The resource manager service has the following service description:
LocalService" start="demand" tag=""
<action type="restartService" delay="120000"/>
<action type="restartService" delay="300000"/>
<action type="none" delay="0"/>
valueType="REG_EXPAND_SZ" value="%SystemRoot%\System32\SCardSvr.dll" buildFilter=""></registryValue>
<registryValue name="ServiceMain" valueType="REG_SZ" value="CalaisMain" buildFilter=""></registryValue>
<registryValue name="ServiceDllUnloadOnStop" valueType="REG_DWORD" value="1" buildFilter=""></registryValue>
<securityDescriptor name="ServiceXSecurity" buildFilter=""/>
2. Certificate propagation service
The service starts when a user logged into the system inserts a smart card in a reader that is attached to the computer. This action causes the certificate(s) to be read from the smart card. The name of the service is CertPropSvc. The controller notifies CertPropSvc when a user has logged on. This service monitors the smart cards that are visible from the user session and reads all certificates from all inserted smart cards.
3. Smart card removal service
This works when a user has logged in with a smart card and subsequently removes that smart card from the reader.
Debugging Cards and Getting Information
A few tools and services are available in Windows Vista to help developers in debugging.
* The Command to list certificates that are available on the smart card is certutil -scinfo
* For deleting certificate use the following command. Certutil -delkey -csp "Microsoft Base Smart Card Crypto Provider" "38f813f2-ec3b-4e96-ba19-38b830923be9" When you delete a certificate on the card, you are actually deleting a container that corresponds to that certificate.
* To enable tracing for NTLM authentication, run the following at the command line. tracelog.exe -kd -rt -start ntlm -guid #5BBB6C18-AA45-49b1-A15F-085F7ED0AA90 -f .\ntlm.etl -flags 0x15003 -ft 1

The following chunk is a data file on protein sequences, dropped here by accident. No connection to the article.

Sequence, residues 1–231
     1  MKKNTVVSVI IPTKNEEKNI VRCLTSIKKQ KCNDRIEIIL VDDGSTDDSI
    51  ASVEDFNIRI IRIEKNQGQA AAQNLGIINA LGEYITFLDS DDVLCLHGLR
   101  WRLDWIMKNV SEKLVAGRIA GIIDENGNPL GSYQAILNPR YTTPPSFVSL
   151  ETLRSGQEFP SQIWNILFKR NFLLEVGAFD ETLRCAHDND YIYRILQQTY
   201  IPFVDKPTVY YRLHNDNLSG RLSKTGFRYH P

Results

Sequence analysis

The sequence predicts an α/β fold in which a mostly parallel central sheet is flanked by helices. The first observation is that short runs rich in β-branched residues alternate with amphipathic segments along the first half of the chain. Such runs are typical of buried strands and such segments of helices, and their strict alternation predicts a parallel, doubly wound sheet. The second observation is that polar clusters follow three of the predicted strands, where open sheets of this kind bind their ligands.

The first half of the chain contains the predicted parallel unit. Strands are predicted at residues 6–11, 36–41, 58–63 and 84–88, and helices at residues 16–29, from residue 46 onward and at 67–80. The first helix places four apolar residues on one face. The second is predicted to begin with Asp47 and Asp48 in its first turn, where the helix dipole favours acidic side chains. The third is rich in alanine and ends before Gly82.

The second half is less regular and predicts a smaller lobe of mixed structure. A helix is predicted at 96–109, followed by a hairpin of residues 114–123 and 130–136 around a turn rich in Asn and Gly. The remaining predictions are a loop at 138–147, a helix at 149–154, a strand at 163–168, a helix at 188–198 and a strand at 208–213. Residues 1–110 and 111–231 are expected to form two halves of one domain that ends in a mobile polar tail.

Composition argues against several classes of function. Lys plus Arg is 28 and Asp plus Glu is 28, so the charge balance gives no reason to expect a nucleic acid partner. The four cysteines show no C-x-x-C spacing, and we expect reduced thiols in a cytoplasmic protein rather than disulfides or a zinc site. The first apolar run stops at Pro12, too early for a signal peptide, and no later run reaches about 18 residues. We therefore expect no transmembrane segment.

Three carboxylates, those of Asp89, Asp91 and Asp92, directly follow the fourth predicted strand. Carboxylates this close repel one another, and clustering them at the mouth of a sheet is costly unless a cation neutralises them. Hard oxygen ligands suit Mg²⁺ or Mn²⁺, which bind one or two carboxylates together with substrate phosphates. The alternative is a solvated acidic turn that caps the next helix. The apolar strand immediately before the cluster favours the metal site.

To stop tracing for NTLM authentication, run the following at the command line. tracelog -stop ntlm
* To enable tracing for Kerberos authentication, run the following at the command line. tracelog.exe -kd -rt -start kerb -guid #6B510852-3583-4e2d-AFFE-A67F9F223438 -f .\kerb.etl -flags 0x43 -ft 1. To stop tracing for Kerberos authentication, run the following at the command line. tracelog.exe -stop kerb.
* To enable tracing for the KDC, run the following at the command line.
tracelog.exe -kd -rt -start kdc -guid #1BBA8B19-7F31-43c0-9643-6E911F79A06B -f .\kdc.etl -flags 0x803 -ft 1
To stop tracing for the KDC, run the following at the command line.
tracelog.exe -stop kdc
To check the status of the smart card service:
1. Go to Windows Task Manager.
2. From Windows Task Manager dialog box, click the Services tab.
3. Check for SCardSvr, and see the Status column to see if the service is running or stopped.
4. If the service is stopped and want to start again, run the following command from command prompt. Remember you need to Run as Administrator.
net start SCardSvr
To stop the service run net stop SCardSvr from the command prompt.
A smart card service.
Here's how to check the status of a smart card.
1. Click on the Start button, right-click Computer, and then click Properties.
2. Under Tasks, click Device Manager.
3. In Device Manager, expand Smart card readers, select the smart card reader about which you want information, and then click Properties. If the smart card reader is not listed in Device Manager, in the Action menu, click Scan for hardware changes.
Smart Card usage by businesses will enhance protection and improve productivity. On the other hand, password authentication, the most widely used logon mechanism, is only as infallible as its users. Most of the time users share their personal passwords with friends and some team members. Even the most reliable user may write a password on a slip of paper where another user might later discover and use the same credential. If a user does not safeguard a password, the network may be subject to concurrent usage of a user account or worse, may be unprotected against malicious break-ins.
A Windows-powered smart card can be used by only one person at a time, which makes concurrent secure account usage impossible by other users. Because the card is required to access the network, users are inclined to carry the card with them wherever they go, preventing malicious break-ins and access. Windows for Smart Cards supports multiple authentication mechanisms, such as PIN, fingerprint, or retina (in human eye) recognition. If the card is lost, no one else can use it to access the network because only the owner knows the PIN or has the right fingerprint or retina.
By using the most secure cryptographic-algorithms, like RSA, DES, 3DES and SHA, and by being built on the most reliable chips, Windows-powered smart cards are virtually inviolable.